LA Plastic Bag Ban Approved by City Council

Plastic Bag Ban Los Angeles

Los Angeles, California has become the largest city in the country to ban plastic bags. On Wednesday, the Los Angeles City Council voted 13-1 to phase out single-use plastic bags over the next 16 months. The LA plastic bag ban is expected to affect about 7,500 grocery and convenience stores.

After the phase out of plastic bags, retailers can charge 10 cents for paper bags if shoppers don’t bring their own reusable bags. The city’s program would be modeled after bag bans in other California cities like those in Long Beach, Calabasas, Santa Monica, unincorporated areas of Los Angeles County and Pasadena.  The plastic bag ban will take effect later this year once a four-month environmental impact report of the bag ban is complete and the council adopts an ordinance.

Once the plastic bag ban ordinance goes into effect, larger stores will have six months to stop using plastic bags and smaller stores will have 12 months. After that, retailers will be required to charge 10 cents for each paper bag they provide customers if they don’t bring their own reusable bag.

Councilman Paul Koretz, who hoped to ban paper bags as well said, “My hope is that so few paper bags will be used as a result of this measure that the formal ban on paper bags may not even be necessary.”

The Los Angeles City Council estimates that Californians use 12 billion plastic bags a year and that less than 5% of the state’s plastic bags are recycled.

Mayor Antonio Villaraigosa said in a statement, “Los Angeles is leading the state and the nation.  With this new measure, 1 in 4 Californians will be living plastic bag-free. We hope our actions will encourage other big cities, counties and states to take action.”

California assemblywoman Julia Brownley in a statement, “Los Angeles’ bag ban ordinance is a significant step toward eliminating single-use bags around our state. There is no time to waste in reversing the alarming 100-fold increase of plastic in the Pacific Ocean. I applaud the City Council for standing up to the plastic bag manufacturers who lobbied hard to defeat this ban and I will continue to work on a statewide ban to make an even larger dent in our plastic bag habit. All Californians benefit from a healthier environment.”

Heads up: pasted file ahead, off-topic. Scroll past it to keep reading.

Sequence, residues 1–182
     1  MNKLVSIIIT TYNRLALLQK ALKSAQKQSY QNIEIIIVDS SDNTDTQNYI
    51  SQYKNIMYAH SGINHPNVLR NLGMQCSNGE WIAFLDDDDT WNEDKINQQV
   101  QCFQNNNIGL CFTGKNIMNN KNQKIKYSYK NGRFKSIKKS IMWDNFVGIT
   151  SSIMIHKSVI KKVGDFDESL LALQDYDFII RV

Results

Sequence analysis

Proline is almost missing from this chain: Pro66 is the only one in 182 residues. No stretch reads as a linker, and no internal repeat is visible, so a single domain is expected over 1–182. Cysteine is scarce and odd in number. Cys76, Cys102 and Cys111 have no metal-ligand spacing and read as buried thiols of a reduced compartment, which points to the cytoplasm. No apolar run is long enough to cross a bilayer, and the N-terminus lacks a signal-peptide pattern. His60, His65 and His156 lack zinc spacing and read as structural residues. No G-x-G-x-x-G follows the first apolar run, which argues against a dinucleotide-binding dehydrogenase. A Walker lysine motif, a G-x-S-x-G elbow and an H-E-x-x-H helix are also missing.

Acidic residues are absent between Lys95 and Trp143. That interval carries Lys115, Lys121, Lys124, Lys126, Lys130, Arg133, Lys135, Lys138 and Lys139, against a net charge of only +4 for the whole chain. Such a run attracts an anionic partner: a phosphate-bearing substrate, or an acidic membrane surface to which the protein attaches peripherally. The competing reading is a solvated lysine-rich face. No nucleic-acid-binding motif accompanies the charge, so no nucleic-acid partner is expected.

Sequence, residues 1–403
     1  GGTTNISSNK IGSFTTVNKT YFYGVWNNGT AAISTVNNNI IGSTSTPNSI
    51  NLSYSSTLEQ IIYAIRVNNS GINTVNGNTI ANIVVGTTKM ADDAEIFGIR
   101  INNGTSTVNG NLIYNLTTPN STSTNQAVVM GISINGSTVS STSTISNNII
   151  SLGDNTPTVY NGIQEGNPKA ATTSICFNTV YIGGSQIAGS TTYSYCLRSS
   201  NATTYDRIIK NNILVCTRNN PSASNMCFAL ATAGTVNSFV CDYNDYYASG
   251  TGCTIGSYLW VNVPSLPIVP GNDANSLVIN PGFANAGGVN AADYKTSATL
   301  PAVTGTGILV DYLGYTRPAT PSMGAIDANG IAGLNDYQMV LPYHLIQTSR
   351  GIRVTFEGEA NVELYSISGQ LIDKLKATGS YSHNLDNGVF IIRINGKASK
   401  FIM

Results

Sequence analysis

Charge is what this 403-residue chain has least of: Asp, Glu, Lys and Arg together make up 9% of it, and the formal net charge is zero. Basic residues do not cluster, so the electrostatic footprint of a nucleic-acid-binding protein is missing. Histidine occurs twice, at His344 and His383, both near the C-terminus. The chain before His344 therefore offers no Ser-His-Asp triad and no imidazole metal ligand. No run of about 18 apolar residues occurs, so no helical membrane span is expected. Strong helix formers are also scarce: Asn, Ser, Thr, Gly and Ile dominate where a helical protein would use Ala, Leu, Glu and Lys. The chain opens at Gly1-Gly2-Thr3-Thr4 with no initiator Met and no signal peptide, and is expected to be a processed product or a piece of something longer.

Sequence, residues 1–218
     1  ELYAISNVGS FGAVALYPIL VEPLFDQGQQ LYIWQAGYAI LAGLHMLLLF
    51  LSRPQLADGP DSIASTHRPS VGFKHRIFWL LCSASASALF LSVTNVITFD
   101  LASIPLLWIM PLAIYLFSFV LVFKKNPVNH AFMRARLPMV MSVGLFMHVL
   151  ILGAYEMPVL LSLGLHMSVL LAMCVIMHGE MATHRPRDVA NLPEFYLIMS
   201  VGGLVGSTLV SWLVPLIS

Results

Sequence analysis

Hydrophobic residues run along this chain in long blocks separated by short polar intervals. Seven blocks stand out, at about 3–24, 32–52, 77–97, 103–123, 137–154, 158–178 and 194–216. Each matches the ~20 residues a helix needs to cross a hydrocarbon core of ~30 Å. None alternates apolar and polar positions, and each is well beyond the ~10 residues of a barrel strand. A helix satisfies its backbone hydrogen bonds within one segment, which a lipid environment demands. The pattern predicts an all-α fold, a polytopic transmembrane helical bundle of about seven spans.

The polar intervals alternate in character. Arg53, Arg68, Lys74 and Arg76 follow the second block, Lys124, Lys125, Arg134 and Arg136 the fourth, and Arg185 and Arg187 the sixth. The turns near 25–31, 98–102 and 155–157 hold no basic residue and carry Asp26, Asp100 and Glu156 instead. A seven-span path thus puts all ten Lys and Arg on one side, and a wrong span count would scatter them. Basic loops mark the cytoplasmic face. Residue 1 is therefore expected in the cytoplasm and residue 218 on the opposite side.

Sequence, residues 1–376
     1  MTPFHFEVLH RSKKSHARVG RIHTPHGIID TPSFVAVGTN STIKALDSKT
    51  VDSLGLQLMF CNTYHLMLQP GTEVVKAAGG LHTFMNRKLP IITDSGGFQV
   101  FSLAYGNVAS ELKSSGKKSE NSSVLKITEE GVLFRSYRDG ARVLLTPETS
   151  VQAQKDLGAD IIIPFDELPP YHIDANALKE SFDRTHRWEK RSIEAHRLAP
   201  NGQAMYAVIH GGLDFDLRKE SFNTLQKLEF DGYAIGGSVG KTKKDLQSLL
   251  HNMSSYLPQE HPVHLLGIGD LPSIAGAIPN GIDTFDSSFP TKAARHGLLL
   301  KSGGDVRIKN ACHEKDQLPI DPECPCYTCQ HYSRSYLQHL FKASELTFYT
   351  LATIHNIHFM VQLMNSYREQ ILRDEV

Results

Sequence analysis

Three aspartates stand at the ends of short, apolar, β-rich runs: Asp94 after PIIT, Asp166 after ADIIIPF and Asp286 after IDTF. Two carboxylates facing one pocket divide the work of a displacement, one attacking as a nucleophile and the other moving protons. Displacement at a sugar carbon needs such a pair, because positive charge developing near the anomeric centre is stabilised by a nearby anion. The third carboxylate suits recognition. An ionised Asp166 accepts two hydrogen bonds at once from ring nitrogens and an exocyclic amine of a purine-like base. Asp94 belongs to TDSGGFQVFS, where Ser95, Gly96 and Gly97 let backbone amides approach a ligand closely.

LA Plastic Bag Ban

According to the Times, employees of plastic bag manufacturers, wearing T-shirts reading “Don’t Kill My Job,” pleaded with council members to reject the ban, saying it could lead to job losses. “My family depends on my job and my benefits, too,” said Alejandro Ortega, ab employee of Crown Poly. An industry group warned that the council’s decision will threaten the jobs of 2,000 workers statewide and said it is keeping open the option of filing a legal challenge. “With this bag ban, the city chose to take a simplistic approach that takes away consumer choice instead of pursuing meaningful programs that encourage greater recycling of plastic bags and wraps, while preserving jobs,” said Mark Daniels, chairman of the nonprofit American Progressive Bag Alliance.

Don’t Kill Our Jobs with a Plastic Bag Ban

4 Comments on "LA Plastic Bag Ban Approved by City Council"

  1. Nice way to tax people, they just jump onboard becasue they don’t understand a thing about inert plastic–it doesn’t hurt a thing, just sits their harming nothing. OBTW—plastic bags can be made biodegradable, been that way for years.

  2. Such rubbish…

    Paper bags are worse than plastic for the environment.

    Reusable bags need to be used a minimum of a 171 times to be equal to their plastic bag counter parts. Think about that for a second, how often do you shop for food?… once a week maybe, how many style conscious Californians are going to use the same bag for 3-4 years?

    Furthermore here is an example of a similar protocol which failed:
    “…In 2002, Ireland introduced a 15 euro cents tax on each plastic bag – the so-called “plastax” – and within a few months a 90% reduction in the number of bags being used had been recorded…” Which some would say is great! however… ” it also triggered a 400% increase in the number of bin liners and black refuse bags being purchased. The tax also encouraged an increased reliance on paper bags which, according to a number of life-cycle analysis studies that have compared the environmental performance of various types of bags, require more energy to manufacture and release more greenhouse gases when degrading following their disposal.”

    We need to put our efforts into being more efficient with existing technology available, until we find a more suitable replacement – not banning the best technology available!

    • the point is | May 29, 2012 at 1:41 pm |

      The point is that they will charge for paper ones. You’d be surprised how fast people will merge to reusable bags because they don’t want to get charged every time.

      This is good for the planet.

    • the point is | May 29, 2012 at 1:42 pm |

      Forgot to add that I’ve been using the same two bags since 2002.

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